julia> f(x) = -exp(-5*sum((x.-1.0.+[0.24197  0.15722  0.20821  0.86427  0.6547  0.85627  0.58583  0.90464  0.23778  0.38811  0.0803  0.31662  0.57585  0.71083][[2;6;13;8;10;11;7;3;4;1;5;12;14;9]]).^2))
f (generic function with 1 method)

julia> serialize("secret_function.jls",f)

julia> g = deserialize("secret_function.jls")
f (generic function with 1 method)

julia> g(rand(14))
-1.6990329706087957e-5

julia> exit()
➜  ~/.julia/dev julia #start new session of julia
               _
   _       _ _(_)_     |  Documentation: https://docs.julialang.org
  (_)     | (_) (_)    |
   _ _   _| |_  __ _   |  Type "?" for help, "]?" for Pkg help.
  | | | | | | |/ _` |  |
  | | |_| | | | (_| |  |  Version 1.6.0 (2021-03-24)
 _/ |\__'_|_|_|\__'_|  |  Official https://julialang.org/ release
|__/                   |

julia> using Serialization

julia> g = deserialize("secret_function.jls")
ERROR: UndefVarError: #f not defined
Stacktrace:
...

Am I misunderstanding something about your suggestion?

After I posted, I had one more idea—maybe the closure matters? So I tried the closure before serializing and that works! Yah. Thank you.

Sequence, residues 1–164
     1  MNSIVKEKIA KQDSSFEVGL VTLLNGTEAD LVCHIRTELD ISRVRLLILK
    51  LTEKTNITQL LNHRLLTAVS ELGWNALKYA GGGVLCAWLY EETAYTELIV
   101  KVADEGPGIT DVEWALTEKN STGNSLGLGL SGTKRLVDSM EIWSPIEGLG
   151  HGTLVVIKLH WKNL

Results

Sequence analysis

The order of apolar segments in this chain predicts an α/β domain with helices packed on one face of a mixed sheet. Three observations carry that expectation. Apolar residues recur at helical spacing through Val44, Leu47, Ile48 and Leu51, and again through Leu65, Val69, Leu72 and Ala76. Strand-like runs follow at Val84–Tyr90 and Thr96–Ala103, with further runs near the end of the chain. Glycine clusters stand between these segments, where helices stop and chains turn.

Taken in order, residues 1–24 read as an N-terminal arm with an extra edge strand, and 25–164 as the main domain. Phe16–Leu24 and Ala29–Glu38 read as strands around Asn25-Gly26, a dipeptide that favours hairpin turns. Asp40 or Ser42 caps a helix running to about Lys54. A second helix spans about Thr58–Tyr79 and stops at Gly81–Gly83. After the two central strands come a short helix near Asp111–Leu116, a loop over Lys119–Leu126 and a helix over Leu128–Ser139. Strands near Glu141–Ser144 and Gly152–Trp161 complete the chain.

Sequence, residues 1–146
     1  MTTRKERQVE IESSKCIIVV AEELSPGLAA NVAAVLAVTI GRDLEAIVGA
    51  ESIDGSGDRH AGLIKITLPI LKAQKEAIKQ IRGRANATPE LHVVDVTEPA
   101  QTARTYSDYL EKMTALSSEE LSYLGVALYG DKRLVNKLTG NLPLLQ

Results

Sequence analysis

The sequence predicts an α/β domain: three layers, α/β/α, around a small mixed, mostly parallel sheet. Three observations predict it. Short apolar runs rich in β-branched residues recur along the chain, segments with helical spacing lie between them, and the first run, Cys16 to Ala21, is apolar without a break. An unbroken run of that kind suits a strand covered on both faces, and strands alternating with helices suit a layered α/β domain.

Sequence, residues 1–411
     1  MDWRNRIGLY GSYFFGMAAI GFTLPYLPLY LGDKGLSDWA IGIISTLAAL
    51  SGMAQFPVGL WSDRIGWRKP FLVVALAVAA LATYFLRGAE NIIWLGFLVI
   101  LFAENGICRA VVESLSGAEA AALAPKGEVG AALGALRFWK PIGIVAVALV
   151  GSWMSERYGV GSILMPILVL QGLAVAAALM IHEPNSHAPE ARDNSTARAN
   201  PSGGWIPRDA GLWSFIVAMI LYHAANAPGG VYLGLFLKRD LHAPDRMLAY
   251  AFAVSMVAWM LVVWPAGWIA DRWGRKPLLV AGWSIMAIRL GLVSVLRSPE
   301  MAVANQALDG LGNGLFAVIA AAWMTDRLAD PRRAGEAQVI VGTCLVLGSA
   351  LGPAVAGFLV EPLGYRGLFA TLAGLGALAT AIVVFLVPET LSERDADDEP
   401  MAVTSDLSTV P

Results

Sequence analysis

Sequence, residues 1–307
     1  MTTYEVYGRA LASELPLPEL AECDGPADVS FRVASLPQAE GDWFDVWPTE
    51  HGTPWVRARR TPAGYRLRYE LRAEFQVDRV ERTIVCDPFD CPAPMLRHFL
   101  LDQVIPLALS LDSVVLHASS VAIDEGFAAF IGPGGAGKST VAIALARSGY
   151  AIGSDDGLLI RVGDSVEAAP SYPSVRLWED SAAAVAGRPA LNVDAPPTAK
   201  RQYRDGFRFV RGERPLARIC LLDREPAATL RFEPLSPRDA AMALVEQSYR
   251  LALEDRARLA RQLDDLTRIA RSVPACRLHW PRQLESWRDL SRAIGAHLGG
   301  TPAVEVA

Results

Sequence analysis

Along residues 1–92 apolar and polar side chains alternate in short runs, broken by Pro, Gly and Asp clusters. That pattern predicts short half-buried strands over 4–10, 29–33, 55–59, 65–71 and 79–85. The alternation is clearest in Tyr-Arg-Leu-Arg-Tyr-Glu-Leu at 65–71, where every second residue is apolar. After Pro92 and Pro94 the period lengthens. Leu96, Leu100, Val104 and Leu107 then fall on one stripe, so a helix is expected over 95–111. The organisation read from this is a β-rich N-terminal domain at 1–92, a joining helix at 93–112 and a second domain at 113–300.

julia> f = x -> (() -> -exp(-5*sum((x.-1.0.+[0.24197  0.15722  0.20821  0.86427  0.6547  0.85627  0.58583  0.90464  0.23778  0.38811  0.0803  0.31662  0.57585  0.71083][[2;6;13;8;10;11;7;3;4;1;5;12;14;9]]).^2)))()
#5 (generic function with 1 method)

julia> serialize("secret_function.jls",f)

julia> exit()
➜  ~/.julia/dev julia           
               _
   _       _ _(_)_     |  Documentation: https://docs.julialang.org
  (_)     | (_) (_)    |
   _ _   _| |_  __ _   |  Type "?" for help, "]?" for Pkg help.
  | | | | | | |/ _` |  |
  | | |_| | | | (_| |  |  Version 1.6.0 (2021-03-24)
 _/ |\__'_|_|_|\__'_|  |  Official https://julialang.org/ release
|__/                   |

julia> using Serialization

julia> f = deserialize("secret_function.jls")
#5 (generic function with 1 method)

julia> f(rand(14))
-4.564053334390881e-5